Simply put, if a business wants to get money from a customer, it needs to prove that the customer is getting something in exchange. That’s value. Solution: Value is created when a product or service solves a customer’s problem or fulfill a customer need. This might be a fairly simply situation. For example a customer wants some chocolate so they buy a chocolate bar. The value they get from that purchase is the fulfillment of their need. Or, this can be a more complex situation. For example, a customer wants to get from point A to point B so they might need some kind of transportation.

But they also need to get there quickly (so the bus is out) and without a lot of effort (so a bicycle is out). That leaves a range of cars or trucks. But they have another need, perhaps one they don’t even realize. They want jealous neighbors. So they buy a beautiful high-end sports car to solve all of their needs at once. Customers only buy to solve problems or fulfill needs, even if they aren’t aware of the needs or can’t adequately articulate them. Businesses that are successful understand exactly what problems they solve and what needs they fulfill and they target those in their marketing.

Examples: The classic, beloved example of the difference between a product and the value it provides is the drill. A customer does not buy a drill. They buy something to make holes. The business that will sell more drills is the one that can relate to the consumer that their drill makes the best holes (and, perhaps, solves other needs like being low budget or quiet or easy to use or rugged). CONCLUSION Small businesses are an integral part of the country’s social and economic fabric. Encouraging small business ownership and new firm creation, though, means more to our economic success than simply the preservation of Main Street values.

Entrepreneurship injects vitality and a competitive spirit into our economic landscape that is not readily available from large business. Research shows that small firms play a vital role, for instance, in innovation, regional economic development, and the pursuit of new markets. These firms are responsible for half of our real gross domestic product, employ half of the private workforce, and generate the majority of our net new jobs. Moreover, self-employment serves as an opportunity for many of our citizens to better themselves by taking their fate (and risks) into their own hands and generating new businesses.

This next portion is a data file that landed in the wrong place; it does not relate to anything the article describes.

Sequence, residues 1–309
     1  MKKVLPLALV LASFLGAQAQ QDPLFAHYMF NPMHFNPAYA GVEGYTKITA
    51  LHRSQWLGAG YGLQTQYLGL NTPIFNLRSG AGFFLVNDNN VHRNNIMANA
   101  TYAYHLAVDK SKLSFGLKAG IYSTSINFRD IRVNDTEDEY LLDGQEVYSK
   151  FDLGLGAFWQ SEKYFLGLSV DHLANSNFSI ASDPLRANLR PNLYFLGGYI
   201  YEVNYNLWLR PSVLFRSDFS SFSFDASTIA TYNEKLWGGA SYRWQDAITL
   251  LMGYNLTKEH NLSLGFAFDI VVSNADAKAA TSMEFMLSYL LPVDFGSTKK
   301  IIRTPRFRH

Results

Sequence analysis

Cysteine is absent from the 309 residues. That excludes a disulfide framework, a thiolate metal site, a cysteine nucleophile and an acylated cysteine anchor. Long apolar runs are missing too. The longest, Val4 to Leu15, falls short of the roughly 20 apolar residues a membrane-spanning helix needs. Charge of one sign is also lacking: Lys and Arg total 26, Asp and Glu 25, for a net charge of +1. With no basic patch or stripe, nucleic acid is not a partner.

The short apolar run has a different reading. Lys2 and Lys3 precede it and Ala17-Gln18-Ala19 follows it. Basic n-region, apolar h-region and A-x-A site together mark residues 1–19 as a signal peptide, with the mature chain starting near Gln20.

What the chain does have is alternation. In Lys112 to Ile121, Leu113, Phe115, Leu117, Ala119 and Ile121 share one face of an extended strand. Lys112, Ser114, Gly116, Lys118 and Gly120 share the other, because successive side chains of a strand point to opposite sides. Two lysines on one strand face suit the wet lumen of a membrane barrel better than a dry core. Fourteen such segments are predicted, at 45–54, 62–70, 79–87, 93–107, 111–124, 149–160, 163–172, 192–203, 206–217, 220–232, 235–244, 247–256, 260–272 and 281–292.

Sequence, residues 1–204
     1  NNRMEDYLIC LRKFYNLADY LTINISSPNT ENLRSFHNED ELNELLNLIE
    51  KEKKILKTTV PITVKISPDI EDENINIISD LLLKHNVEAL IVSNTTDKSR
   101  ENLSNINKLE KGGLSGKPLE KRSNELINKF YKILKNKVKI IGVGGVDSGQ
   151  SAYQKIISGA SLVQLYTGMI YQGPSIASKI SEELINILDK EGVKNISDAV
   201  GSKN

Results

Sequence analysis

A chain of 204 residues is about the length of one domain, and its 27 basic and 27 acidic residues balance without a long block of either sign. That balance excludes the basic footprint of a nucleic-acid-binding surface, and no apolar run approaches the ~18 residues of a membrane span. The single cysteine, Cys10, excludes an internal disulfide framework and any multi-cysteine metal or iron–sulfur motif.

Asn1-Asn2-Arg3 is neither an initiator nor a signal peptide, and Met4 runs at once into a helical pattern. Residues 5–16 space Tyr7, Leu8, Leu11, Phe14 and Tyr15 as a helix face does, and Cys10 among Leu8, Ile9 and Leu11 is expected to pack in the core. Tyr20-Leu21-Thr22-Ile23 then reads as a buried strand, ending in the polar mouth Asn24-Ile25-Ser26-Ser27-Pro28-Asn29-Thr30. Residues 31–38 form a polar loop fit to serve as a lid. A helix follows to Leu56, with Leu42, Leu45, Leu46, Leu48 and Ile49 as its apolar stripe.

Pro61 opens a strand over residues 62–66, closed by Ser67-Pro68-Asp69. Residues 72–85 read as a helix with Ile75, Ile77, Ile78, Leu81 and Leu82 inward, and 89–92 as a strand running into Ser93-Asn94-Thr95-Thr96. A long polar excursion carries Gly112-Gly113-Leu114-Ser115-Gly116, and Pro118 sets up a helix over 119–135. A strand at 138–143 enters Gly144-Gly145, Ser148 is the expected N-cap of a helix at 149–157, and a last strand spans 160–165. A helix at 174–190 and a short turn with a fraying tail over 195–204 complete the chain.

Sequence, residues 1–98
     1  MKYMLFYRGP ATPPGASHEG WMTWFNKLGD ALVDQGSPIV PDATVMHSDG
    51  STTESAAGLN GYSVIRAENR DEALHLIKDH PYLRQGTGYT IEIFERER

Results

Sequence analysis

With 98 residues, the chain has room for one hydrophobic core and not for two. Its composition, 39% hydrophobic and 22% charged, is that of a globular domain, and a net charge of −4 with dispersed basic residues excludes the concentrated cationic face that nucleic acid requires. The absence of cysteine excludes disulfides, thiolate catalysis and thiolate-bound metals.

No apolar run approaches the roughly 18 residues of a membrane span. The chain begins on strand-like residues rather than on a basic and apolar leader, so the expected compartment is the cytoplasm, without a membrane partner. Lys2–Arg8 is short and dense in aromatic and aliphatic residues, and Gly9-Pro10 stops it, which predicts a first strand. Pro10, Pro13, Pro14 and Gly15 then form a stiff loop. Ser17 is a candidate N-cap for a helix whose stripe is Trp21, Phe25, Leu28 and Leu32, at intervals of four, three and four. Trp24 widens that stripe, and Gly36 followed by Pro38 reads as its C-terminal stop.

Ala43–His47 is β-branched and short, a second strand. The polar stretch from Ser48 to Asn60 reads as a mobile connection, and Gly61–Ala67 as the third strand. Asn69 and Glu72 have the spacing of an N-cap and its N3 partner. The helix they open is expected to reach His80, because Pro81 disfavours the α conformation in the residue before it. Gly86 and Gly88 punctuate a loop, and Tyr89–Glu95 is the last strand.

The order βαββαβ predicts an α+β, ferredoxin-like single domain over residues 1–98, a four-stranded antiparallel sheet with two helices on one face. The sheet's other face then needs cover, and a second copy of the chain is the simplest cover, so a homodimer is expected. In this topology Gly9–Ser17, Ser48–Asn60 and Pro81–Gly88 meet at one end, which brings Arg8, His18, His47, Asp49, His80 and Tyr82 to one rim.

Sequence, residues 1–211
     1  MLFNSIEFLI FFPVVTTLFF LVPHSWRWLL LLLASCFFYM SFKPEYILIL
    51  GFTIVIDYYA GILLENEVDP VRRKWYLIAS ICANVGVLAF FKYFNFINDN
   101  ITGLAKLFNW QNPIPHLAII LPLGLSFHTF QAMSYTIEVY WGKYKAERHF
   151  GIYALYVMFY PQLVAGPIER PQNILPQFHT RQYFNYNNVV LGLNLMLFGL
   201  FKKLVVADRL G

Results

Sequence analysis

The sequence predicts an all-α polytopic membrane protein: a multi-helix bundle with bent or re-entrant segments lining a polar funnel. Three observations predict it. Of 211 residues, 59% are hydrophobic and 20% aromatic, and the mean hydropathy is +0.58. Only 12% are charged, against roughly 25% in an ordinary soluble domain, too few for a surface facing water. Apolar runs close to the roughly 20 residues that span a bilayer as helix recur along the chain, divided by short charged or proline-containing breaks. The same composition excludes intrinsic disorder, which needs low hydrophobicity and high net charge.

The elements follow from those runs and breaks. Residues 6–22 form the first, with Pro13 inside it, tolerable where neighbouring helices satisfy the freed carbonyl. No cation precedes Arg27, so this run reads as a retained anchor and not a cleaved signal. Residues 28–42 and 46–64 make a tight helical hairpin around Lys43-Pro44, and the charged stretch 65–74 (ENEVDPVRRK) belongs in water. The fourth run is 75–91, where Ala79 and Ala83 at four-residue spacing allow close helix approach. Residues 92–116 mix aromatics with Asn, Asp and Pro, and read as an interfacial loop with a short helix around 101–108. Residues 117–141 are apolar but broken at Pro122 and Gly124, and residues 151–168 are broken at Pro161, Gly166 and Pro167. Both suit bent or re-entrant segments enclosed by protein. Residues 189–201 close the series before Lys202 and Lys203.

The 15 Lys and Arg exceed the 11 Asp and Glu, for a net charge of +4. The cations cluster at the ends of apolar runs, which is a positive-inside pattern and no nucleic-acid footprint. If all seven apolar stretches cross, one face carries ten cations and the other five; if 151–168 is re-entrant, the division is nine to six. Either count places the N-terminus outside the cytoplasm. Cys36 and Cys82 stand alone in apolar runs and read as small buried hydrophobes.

Many of us will be looking to our leaders for solutions to the challenges confronting small businesses across the country. Putting in place policies that promote economic growth and stability will allow entrepreneurs to more easily exploit the opportunities that confront them. REFERENCES Acs, Zoltan J. and Catherine Armington. Endogenous Growth and Entrepreneurial Activity in Cities. Working Paper CES WP 03 02. Center for Economic Studies, U. S. Census Bureau (January 2003), available at http://www. ces. census. gov/index. php/ces/cespapers? down_key=101665. Acs, Zoltan, William Parsons, and Spencer Tracy (Corporate Research Board, LLC).

High- Impact Firms: Gazelles Revisited. Office of Advocacy, U. S. Small Business Administration (June 2008), available at http://www. sba. gov/advo/research/rs328tot. pdf. Bates, Timothy. Race, Self-Employment, and Upward Mobility: An Elusive American Dream. Washington, DC: Woodrow Wilson Press Center (1997). Baumol, William. “Small Firms: Why Market-Driven Innovation Can’t Get Along Without Them. ” The Small Business Economy: A Report to the President. Chapter 8 (December 2005), available at http://www. sba. gov/advo/research/sb_econ2005. pdf. Bollman, Andy (E. H. Pechan and Associates, Inc. . Characterization and Analysis of Small Business Energy Costs. Office of Advocacy, U. S. Small Business Administration (April 2008), available at http://www. sba. gov/advo/research/rs322tot. pdf. Breitzman, Anthony, Diana Hicks, and Maryann Feldman (1790 Analytics). An Analysis of Small Business Patents by Industry and Firm Size. Office of Advocacy, U. S. Small Business Administration (Forthcoming, November 2008). Bruce, Donald. “A Tax Policy Update for America’s Small Businesses. ” The Small BusinessEconomy: A Report to the President. Chapter 6 (Forthcoming, December 2008).